My Dakota
Photographs by Rebecca Norris Webb
Radius Books, 2012

Reviewed by Ellen Wallenstein

My Dakota (subtitle: “an elegy for my brother“) by Rebecca Norris Webb is a Class Act. After the unexpected death of her brother, the photographer went back to revisit her home in South Dakota, searching for solace and a way to come to terms with his death.

This book of words and images is beautifully sad, sadly beautiful, utterly brilliant and miraculous. Webb’s poem follows underneath the smartly sequenced photographs, written in a delicate hand on the snow-white pages that surround them. The layout of the images (mostly one, recto, on a double-page spread, with a few pairings) sets up a rhythm that works in counterpoint to the poem. The words and images work together to weave a deeper reading.

Looking for glimpses of the dead is not a new kind of quest in photography - we’ve been trying to make “spirit photographs” since the medium began. How Webb succeeds is through metaphor and symbol, which reveal themselves slowly as the pages turn. Her great loss is hidden in complex images that take several viewings to understand. They convey not just three but four dimensions.

On this journey through re-membered territory, the photographs illustrate the psychological and spiritual realities of the place. The barren land that is the Dakotas appears first, starting with the dust jacket image, a view of the Badlands through the greenish tint of a partially opened car window. Some patches of grass stubbornly cling to the sandy foreground, leading us to the striped mountains miles beyond. The frontispiece is of a buffalo glimpsed through a sideview mirror, seen as if on the other side of time. The Wild West, indeed.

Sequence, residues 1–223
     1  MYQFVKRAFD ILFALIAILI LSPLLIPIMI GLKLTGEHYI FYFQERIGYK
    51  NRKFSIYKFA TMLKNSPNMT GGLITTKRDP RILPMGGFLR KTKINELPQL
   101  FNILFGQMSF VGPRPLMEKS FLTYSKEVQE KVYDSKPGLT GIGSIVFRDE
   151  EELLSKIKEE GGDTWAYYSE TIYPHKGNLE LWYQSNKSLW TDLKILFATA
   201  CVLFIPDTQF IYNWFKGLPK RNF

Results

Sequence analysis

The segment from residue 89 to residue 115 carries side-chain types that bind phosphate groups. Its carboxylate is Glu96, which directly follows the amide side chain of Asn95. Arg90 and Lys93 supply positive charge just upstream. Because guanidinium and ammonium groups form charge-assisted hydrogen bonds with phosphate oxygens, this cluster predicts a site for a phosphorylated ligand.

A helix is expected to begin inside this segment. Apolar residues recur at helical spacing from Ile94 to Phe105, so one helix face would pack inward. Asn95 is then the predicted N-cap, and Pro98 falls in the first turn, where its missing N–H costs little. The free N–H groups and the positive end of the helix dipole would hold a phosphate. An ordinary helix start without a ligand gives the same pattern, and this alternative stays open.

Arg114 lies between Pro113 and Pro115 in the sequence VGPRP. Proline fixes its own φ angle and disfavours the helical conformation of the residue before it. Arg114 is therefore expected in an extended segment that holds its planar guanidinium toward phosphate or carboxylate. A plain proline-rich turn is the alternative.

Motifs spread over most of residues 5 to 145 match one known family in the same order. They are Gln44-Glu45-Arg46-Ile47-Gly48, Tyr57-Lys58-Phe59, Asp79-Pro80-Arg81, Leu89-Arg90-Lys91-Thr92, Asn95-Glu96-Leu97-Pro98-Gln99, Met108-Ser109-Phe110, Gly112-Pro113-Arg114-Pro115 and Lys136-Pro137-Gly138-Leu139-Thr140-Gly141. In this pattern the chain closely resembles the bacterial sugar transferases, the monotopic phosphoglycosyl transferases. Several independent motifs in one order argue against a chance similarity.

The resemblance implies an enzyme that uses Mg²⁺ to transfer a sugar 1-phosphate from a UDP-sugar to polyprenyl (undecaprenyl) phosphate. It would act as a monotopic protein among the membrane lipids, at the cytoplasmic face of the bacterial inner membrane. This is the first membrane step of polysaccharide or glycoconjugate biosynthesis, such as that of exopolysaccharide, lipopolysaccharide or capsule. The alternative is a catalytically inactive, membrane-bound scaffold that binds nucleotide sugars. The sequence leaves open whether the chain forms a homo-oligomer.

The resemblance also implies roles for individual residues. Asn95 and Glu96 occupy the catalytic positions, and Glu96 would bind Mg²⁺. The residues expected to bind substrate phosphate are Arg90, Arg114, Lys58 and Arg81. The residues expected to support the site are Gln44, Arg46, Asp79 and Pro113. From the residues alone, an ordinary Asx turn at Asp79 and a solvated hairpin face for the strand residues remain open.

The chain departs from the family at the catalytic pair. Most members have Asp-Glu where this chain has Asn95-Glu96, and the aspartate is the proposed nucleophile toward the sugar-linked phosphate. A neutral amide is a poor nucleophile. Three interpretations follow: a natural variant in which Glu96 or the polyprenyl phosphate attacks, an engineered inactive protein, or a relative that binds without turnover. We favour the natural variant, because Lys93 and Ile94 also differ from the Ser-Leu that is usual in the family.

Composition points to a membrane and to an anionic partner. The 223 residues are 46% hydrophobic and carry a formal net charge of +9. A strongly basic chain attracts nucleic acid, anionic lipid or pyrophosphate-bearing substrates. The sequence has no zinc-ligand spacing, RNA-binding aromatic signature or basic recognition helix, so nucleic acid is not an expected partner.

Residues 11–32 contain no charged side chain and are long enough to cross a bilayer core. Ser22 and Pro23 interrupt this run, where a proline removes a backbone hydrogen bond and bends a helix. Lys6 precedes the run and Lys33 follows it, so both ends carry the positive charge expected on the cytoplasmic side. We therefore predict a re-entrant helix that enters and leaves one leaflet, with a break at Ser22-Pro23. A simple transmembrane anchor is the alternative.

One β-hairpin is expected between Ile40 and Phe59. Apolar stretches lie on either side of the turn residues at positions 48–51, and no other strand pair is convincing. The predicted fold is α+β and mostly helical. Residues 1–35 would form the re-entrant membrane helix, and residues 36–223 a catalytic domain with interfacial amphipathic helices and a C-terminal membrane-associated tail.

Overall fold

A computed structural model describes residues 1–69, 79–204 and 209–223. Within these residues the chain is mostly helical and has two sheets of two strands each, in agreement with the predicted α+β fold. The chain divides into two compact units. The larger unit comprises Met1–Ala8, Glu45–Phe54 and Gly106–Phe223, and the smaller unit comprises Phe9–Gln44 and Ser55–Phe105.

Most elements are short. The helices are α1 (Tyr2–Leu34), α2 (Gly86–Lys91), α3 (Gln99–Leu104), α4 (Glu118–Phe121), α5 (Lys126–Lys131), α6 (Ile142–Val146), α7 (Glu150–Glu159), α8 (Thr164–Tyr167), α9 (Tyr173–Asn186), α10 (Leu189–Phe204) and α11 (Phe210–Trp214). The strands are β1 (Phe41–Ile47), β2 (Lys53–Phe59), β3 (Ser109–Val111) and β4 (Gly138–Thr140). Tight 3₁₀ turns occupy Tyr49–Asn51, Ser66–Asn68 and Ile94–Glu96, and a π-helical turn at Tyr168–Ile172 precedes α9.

She writes:

“I find, nestled in the ache, the surprise
of grief’s expansiveness--
The prairie unfolding in me.”

There are primal qualities to the exploration of these landscapes. Webb searches for clues to her brother’s whereabouts in the mountains, the fields, and the forests; in abandoned farmhouses and the family home; and on the road. In the details (where God is, perhaps?) lie the metaphors - lengths of plastic entangled on barbed wire, a lawnchair becoming undergrowth. The spine of an animal caught on a fence like some prehistoric sculpture. Two upturned chairs in a rushing river, handprints on windows and on the side of a bridge. These photographs are mysterious, mournful and magical.

The sky participates also, in unaccountable ways - sky below a tent that obscures our view; sky over mountains repeated in a sideview mirror; skies flattened and reflected back onto windows and bodies of water. Looking for glimpses of heaven, a blue dress in a zippered plastic bag refers us there too.

Animals are prominent. The creatures are both themselves and symbols for the departed. “All year, deer haunt the lawns of the newly dead,” says her poem, and we see them twice in these pictures, once as a tiny figure outside a curtained window, and again as a pair in winter, caught in the blur between worlds.

The few human figures in the photos are tiny and unreal, seen from behind, or reflected. A young man weeping, glimpsed in the window of a shiny black door in a wood-lined room. A boy’s figure caught in two intersecting reflections. A cowboy, in the background of a rodeo ring is less engaging than the buffalo, which eyes us through a metal gate.

The most repeated symbol is the apple. (....“In our garden once an orchard”....) Three green apples on a plastic plate, groups of apples scattered on the ground. The last page shows us apples by a roadside, forever fallen and ripe. A remembered Eden.

I love this book. I envy this book. This book makes me weep. In forty-six images and one exquisite poem, the artist Rebecca Norris Webb has given us a Psalm.

Buy the book here

Ellen Wallenstein is a New York City based photographer and photography professor.
To view more of Ellen's writing and photography, please visit her website and blog

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